Facebook wrong? The Boundary Debate of Accurate Lying Political Advertising
Author . . . Tian Siqi
Edited . . . Zeng Yu
When people like and share their favorite content on social networking sites, there are also organizations that secretly collect this data to analyze the user's three perspectives, and then push them custom political ads to influence people's political leanings and campaign trends.
This is a restored scene from the recent data breach scandal involving Facebook, which provides data for political campaigns, and Cambridge Analytica has obtained information from academic researchers about 50 million Facebook users. And after analyzing the behavior patterns and personality characteristics of users, targeted information and campaign ads are pushed, which influences the choice of American voters in the general election.
Facebook's technology giant's market value evaporated by $60bn in two trading days after the Guardian, The New York Times and Channel 4 reported on the matter over the weekend - a loss that even exceeded Tesla's valuation. Days after the silence, Facebook founder Mark Zuckerberg gave a rare interview to CNN on Wednesday (March 21), admitting his mistake and announcing a number of technical improvements to prevent such an incident from happening again.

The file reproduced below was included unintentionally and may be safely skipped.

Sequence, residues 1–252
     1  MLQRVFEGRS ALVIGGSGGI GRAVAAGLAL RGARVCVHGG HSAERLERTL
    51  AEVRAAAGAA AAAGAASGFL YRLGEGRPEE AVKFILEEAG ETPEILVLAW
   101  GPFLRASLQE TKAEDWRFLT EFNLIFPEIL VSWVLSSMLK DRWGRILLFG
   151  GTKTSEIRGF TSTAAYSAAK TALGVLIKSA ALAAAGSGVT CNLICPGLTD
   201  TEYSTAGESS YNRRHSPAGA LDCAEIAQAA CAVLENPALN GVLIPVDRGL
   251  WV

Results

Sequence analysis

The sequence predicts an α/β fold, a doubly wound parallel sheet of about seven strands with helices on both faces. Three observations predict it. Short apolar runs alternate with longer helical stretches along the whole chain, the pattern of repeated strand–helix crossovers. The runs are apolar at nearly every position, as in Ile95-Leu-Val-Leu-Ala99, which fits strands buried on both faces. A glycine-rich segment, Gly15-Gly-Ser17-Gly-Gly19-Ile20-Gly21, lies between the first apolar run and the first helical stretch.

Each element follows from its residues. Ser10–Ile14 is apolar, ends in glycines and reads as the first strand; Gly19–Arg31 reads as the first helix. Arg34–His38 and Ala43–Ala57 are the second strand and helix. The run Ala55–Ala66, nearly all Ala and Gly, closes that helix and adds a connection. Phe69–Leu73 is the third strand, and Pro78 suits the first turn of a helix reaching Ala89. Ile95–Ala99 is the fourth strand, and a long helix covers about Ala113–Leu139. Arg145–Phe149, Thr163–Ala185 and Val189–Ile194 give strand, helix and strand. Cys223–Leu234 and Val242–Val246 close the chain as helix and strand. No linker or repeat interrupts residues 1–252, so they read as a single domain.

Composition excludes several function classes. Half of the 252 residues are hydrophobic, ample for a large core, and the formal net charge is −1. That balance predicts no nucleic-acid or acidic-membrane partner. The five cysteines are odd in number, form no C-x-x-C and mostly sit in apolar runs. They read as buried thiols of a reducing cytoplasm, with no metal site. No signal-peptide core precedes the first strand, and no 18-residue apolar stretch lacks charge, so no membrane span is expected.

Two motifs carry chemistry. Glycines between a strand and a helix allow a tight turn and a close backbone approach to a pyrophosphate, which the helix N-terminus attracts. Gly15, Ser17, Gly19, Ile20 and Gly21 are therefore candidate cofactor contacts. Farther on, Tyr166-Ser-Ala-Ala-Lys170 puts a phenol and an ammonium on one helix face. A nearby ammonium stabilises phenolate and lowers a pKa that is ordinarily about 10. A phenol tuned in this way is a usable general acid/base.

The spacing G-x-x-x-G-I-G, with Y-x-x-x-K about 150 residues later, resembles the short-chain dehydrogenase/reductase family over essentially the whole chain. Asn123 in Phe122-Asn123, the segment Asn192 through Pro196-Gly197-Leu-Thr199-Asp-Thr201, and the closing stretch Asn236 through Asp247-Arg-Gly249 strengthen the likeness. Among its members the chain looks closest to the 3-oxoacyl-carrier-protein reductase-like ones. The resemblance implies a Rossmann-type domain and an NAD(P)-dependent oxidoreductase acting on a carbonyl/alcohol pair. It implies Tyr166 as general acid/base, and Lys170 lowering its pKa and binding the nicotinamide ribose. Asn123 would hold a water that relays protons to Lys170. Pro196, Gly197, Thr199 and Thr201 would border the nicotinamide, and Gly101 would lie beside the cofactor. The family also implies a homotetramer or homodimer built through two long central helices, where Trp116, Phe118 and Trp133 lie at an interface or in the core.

Putting aside the technical failings of data theft, it wouldn't cause widespread panic if users only received micro-targeting ads on Facebook, after all, it's common place; Even the real and false political revelations, and the possibility of changing the choice of the president of the United States, are much more intriguing.
Some analysts see precision political advertising as the original sin of social platforms such as Facebook, which keeps users out of the picture and allows conspiracy theories and fake news to flourish and implicitly induce voters to make decisions. But experts and scholars say that Facebook is currently facing only a data theft crisis, raising the threshold for technical security can be easily resolved, and the process of accurately running political advertising is logical in itself, saying it "kills democracy" is nonsense.
Is "reading" too risky?
In 2014, a Cambridge University researcher posted a character test app on Facebook that was installed by about 300,000 users. Subsequently, similar apps were asked to go offline because of changes to Facebook's data usage policy; however, the researchers did not go down as required, and shared the user data and even friend data to Cambridge Analytica. That's where this data breach came from. Cambridge Analytica is said to have served the Trump team during the 2016 U.S. election.